I mean, the real reason why we started with Hapkey is because I wanted to create a tool on my own, you know that, Marcus. I wanted to create a tool because you want to see when the level of happiness goes down over time. I mean, if it goes down for a month or two months, then you know you have a problem. And if you don't have a measurement, you will not have insight.

Suddenly, the best people might leave your company, and then everybody else starts to leave. The value of companies such as ours is in our people, our consultants, our employees.

To keep the value of your company, you need to continuously work on the happiness within the organization.


Marcus: You’ve been measuring happiness prior to using Hapkey, could you share a few stories of your past experiences with the metric?

Pablo: Yeah. I have never been able to measure it as methodically as we can now. Before, we had a happiness index in Excel sheets.

For example, I worked at a large corporation with 20 test managers or something like that, and I was the head of QA. Every week, we had a meeting and at the end of it, everyone would fill in their happiness index numbers. We also created graphs to show the data over time. 

By measuring happiness, I saw right away that this is one of the best methods to keep your people. If you want to keep your people, you have to keep them happy, and by keeping them happy, you have to know what's happening in their professional lives.


Marcus: And Hapkey, contrary to other pulse tools out there in the market, is not anonymous. So, what's your opinion regarding anonymous surveys vs. non-anonymous surveys?

Pablo: The non-anonymous surveys will give you an overarching score, and you can look at it over time. If it goes down one month, then you can, for example, have a meeting and discuss the root cause and get voices heard. But Hapkey helps you not even get to that point when it’s an actual problem.


Marcus: So what I'm taking away from this is that you use Hapkey as the indicator, but the tool sparks meaningful conversations. You marry both the quantitative and qualitative aspects. You combine both sides.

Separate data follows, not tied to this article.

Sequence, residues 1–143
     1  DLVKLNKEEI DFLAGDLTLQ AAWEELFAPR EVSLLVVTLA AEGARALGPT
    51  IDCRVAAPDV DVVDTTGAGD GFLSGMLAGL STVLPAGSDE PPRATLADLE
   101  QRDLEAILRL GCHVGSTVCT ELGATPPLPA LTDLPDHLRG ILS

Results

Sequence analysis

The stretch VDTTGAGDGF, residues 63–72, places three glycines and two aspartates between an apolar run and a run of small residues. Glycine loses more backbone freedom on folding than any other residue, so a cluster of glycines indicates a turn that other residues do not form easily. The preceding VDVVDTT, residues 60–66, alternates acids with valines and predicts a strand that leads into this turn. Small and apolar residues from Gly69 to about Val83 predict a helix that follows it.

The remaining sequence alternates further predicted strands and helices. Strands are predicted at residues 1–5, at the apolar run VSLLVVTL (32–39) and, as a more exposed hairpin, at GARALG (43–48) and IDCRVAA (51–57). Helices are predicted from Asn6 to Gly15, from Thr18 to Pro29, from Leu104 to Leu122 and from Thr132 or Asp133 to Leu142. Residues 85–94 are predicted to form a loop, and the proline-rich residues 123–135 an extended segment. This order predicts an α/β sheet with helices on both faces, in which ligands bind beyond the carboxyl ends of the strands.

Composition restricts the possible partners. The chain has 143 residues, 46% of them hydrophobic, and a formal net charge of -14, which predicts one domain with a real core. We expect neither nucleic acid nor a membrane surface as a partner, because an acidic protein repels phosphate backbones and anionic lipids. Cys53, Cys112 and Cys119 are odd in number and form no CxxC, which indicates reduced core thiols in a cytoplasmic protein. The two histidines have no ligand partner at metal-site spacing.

Pablo: You are completely right.


Marcus: Let’s say there is a reader out there who’s a team lead, what advice would you give him or her to make their team happier?

Pablo: Follow-up and measure at least weekly the happiness index. It will make your team much stronger. And I would suggest starting off with Hapkey. You get 2 weeks for free. That will give you at least a hint if the tool is what you actually need. You'll see the benefits, and Hapkey’s cost is almost nothing compared to the benefits you will receive.


Marcus: What problems do you think Hapkey solves?

Pablo: Hapkey solves the problem that you don't have to recruit new people all the time. As I said, the value of companies during this day and age is in the minds of the people you have employed. 

I have seen companies that have an attrition rate of 47-50%, meaning that half of the employees will leave during a year. Every 2 years, you've actually employed the whole company again. 

At the Stockholm office, we have employees who have worked here for many years, at least from 2011. That is 10 years. And they still continue to grow, and they’ve found a role where they're happy.

I think that's the way to build a great company, having a long term view of more than 1 or 2 years ahead. I look at this company and I strive for it to be well, alive, strong, and making money for the next 20 years.

I would say that is the fundamental problem Hapkey helps solve: you will have a more sustainable business.